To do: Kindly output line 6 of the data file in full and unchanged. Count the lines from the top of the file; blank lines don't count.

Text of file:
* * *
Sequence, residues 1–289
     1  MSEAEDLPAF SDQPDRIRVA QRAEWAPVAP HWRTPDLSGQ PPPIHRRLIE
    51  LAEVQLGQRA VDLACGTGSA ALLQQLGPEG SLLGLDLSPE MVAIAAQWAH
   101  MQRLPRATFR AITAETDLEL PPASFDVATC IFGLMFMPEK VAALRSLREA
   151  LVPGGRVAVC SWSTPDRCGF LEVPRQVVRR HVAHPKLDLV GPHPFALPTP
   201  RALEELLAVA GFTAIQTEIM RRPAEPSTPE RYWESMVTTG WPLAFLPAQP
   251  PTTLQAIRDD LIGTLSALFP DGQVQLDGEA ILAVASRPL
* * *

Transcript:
   201  RALEELLAVA GFTAIQTEIM RRPAEPSTPE RYWESMVTTG WPLAFLPAQP